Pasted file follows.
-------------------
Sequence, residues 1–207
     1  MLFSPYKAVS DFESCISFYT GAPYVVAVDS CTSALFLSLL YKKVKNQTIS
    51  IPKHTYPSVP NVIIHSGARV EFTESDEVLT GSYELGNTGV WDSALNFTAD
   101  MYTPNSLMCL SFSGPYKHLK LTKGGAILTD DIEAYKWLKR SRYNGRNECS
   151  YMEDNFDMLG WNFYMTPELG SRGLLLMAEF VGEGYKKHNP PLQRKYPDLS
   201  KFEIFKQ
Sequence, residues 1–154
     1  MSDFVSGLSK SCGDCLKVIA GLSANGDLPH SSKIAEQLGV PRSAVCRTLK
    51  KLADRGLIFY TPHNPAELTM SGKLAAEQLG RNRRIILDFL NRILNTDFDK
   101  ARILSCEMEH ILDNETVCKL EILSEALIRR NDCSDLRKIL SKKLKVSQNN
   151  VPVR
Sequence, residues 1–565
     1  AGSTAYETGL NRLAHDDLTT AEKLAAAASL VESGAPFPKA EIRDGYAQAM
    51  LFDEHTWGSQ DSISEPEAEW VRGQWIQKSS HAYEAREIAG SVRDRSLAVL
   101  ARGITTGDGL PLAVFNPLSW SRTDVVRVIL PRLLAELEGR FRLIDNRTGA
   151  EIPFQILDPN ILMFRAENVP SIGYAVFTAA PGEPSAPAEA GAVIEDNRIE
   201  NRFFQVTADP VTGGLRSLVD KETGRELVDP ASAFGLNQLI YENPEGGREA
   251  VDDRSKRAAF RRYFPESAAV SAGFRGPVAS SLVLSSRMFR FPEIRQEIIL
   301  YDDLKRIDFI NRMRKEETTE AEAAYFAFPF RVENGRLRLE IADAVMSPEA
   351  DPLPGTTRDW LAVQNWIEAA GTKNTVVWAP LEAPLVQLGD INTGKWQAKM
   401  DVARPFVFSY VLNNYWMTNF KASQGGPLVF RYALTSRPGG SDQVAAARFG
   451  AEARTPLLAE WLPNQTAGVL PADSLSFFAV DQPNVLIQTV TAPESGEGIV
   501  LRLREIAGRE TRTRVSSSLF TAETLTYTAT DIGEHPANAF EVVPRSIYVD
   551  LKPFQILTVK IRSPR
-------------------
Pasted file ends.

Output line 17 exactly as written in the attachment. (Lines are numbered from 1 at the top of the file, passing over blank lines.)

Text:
   201  NRFFQVTADP VTGGLRSLVD KETGRELVDP ASAFGLNQLI YENPEGGREA